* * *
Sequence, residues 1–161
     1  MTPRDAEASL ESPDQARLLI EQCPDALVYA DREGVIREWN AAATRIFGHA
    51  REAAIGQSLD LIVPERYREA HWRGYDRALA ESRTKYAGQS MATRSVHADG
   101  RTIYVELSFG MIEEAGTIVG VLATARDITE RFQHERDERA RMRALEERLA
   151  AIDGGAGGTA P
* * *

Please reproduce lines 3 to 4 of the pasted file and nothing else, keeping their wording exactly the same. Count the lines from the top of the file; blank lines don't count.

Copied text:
    51  REAAIGQSLD LIVPERYREA HWRGYDRALA ESRTKYAGQS MATRSVHADG
   101  RTIYVELSFG MIEEAGTIVG VLATARDITE RFQHERDERA RMRALEERLA